Fam. Assocs. v. Borough of Millstone, 

423 N.J. Super. 103

, 114 (App. Div.

2011).

      Under principles of res judicata, a "cause of action between parties that

has been finally determined on the merits by a tribunal having jurisdiction

cannot be relitigated by those parties or their privies in a new proceeding."

Velasquez v. Franz, 

123 N.J. 498

, 505 (1991) (citing Roberts v. Goldner, 

79 N.J.

82

, 85 (1979)). There are three basic elements for res judicata to apply:

            (1) [T]he judgment in the prior action must be valid,
            final, and on the merits; (2) the parties in the later action
            must be identical to or in privity with those in the prior
            action; and (3) the claim in the later action must grow
            out of the same transaction or occurrence as the claim
            in the earlier one.

            [Watkins v. Resorts Int'l Hotel & Casino, 

124 N.J. 398

,
            412 (1991) (citations omitted).]

      In determining whether claims are precluded from re-litigation by a

preceding suit, res judicata and the entire controversy doctrine apply in tandem.

McNeil v. Legis. Apportionment Comm'n, 

177 N.J. 364

, 395 (2003). The entire


                                                                            A-2865-19
                                         6
controversy doctrine mandates that "all parties involved in a litigation should at

the very least present in that proceeding all of their claims and defenses that are

related to the underlying controversy." Cogdell by Cogdell v. Hosp. Ctr. at

Orange, 

116 N.J. 7

, 15 (1989). Accordingly, not only are parties to a litigation

barred from subsequently bringing claims that were litigated, they are likewise

barred from litigating "all relevant matters that could have been so determined."

Watkins, 124 N.J. at 412

(citing Culver v. Ins. Co. of N. Am., 

115 N.J. 451

, 463

(1989)); see R. 4:30A (stating failure to join claims as required by entire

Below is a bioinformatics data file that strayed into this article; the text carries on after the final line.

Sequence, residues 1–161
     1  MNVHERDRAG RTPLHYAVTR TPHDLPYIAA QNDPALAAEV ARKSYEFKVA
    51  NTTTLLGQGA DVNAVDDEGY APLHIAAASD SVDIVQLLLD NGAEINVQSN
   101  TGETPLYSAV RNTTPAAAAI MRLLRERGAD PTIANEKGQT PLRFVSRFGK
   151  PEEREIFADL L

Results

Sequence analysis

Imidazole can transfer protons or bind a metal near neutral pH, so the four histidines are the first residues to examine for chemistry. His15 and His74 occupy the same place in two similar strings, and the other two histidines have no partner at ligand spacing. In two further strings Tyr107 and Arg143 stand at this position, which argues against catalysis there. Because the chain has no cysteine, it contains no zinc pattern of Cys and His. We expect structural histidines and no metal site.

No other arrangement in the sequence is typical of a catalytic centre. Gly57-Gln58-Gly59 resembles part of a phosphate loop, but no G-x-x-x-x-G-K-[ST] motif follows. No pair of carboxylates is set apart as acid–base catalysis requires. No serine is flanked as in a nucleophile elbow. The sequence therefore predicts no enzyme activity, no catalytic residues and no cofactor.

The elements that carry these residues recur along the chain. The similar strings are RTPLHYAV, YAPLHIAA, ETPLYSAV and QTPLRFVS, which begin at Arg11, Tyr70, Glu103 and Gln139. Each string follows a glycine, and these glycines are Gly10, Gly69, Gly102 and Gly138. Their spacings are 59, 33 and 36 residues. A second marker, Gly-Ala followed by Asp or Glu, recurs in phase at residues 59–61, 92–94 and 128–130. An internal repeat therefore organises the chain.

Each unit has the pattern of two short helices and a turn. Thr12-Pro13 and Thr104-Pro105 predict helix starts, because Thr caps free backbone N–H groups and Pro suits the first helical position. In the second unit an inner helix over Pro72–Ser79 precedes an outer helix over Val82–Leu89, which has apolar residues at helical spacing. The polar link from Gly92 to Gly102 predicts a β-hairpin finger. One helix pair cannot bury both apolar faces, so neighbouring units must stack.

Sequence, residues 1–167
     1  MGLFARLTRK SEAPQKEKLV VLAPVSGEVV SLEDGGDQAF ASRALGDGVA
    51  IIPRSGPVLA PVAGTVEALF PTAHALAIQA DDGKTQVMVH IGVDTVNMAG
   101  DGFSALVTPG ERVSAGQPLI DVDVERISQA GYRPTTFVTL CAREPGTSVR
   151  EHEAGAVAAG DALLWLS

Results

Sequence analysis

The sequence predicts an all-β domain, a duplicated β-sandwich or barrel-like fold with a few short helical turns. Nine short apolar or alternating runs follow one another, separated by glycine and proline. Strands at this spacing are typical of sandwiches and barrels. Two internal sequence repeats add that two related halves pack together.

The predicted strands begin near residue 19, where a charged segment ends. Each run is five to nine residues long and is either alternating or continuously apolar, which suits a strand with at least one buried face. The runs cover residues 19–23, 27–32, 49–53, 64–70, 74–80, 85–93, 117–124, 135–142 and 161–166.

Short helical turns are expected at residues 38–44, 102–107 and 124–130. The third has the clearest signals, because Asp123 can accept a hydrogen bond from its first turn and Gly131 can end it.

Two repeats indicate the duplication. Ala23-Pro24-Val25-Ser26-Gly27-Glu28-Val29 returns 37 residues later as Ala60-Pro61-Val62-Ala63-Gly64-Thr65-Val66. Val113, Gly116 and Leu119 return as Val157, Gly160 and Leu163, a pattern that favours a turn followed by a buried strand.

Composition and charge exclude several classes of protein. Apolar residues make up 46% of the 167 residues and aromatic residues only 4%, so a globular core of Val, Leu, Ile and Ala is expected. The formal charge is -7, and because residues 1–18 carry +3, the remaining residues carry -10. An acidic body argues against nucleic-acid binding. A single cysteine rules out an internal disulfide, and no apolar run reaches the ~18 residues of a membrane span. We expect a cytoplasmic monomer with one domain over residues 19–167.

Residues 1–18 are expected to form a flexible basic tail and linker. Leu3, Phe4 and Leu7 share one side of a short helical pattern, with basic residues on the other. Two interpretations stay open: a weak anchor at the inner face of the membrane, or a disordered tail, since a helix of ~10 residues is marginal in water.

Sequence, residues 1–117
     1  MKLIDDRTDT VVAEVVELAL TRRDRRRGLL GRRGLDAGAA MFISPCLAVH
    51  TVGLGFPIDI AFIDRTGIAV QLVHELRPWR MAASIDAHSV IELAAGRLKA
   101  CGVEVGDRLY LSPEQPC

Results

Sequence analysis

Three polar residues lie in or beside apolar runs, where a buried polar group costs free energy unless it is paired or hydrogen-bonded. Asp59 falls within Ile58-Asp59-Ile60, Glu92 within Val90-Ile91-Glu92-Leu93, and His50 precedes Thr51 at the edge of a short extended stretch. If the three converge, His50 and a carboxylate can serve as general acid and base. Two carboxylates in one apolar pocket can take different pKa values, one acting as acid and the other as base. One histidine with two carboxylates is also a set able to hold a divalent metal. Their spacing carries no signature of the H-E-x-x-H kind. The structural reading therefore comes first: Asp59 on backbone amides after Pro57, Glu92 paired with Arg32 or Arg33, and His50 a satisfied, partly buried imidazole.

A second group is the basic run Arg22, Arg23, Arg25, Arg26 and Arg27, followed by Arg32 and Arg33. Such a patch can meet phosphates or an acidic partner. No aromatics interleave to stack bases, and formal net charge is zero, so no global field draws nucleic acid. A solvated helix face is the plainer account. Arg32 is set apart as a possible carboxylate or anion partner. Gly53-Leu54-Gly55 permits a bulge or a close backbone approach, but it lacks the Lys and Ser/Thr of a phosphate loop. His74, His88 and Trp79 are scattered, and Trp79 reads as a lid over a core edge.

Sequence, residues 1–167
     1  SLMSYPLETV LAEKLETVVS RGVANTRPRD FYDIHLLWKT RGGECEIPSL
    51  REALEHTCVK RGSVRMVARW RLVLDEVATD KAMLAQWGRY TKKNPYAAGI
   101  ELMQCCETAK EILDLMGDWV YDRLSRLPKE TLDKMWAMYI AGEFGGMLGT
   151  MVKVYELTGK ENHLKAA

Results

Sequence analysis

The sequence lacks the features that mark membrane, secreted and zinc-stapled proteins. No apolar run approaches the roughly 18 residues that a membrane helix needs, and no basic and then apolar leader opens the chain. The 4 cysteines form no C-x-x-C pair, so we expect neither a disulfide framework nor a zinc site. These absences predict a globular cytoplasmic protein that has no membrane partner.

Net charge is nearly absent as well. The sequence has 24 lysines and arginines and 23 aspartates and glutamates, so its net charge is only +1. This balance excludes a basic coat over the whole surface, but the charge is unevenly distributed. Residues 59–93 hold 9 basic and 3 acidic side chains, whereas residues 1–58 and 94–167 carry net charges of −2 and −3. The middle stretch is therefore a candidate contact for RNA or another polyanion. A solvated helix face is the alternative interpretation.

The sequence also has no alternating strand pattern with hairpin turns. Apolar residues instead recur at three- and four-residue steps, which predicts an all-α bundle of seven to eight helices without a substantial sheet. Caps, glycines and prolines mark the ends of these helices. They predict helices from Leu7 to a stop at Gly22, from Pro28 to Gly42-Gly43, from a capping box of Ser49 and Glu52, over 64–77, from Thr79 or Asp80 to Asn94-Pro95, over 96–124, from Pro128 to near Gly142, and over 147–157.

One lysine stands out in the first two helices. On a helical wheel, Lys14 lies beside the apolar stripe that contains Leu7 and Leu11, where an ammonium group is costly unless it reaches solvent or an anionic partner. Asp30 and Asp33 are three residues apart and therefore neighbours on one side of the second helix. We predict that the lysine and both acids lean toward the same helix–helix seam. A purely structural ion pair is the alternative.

controversy doctrine "shall result in the preclusion of the omitted claims") ; see

also 

Dimitrakopoulos, 237 N.J. at 108

(quoting Thornton v. Potamkin Chevrolet,

94 N.J. 1

, 5 (1983)) (noting the entire controversy doctrine "seeks to impel

litigants to consolidate their claims . . . whenever possible").

      There are two central issues on this appeal. First is whether the claims in

the Federal Action are the same as the claims in the State Action, and whether

any new claims in the State Action could have been asserted in the Federal

Action. A comparison of the two complaints establishes that they asserted the

same causes of action and, to the extent that any new cause of action was

asserted in the State Action, it could have and should have been asserted in the

Federal Action. The complaint in the State Action is based on the same material


                                                                             A-2865-19
                                         7
factual allegations as the complaint in the Federal Action. Although the Federal

Action complaint was long and confusing, it asserted the same material facts as

the State Action complaint. Just as important, both complaints involve the same

"transaction." That is, both complaints arose out of plaintiff's employment with

High Focus and the alleged discrimination and wrongful termination. Moreover,

the Federal Action complaint expressly asserted a LAD claim and sought the

same relief as that plaintiff sought in the later filed State Action.

      The second central issue is whether the dismissal of the Federal Action

was an adjudication on the merits. The Federal Rules of Civil Procedure and

case law definitively answer that question as yes.

      The dismissal of the Federal Action was based on Rule 12(b)(6).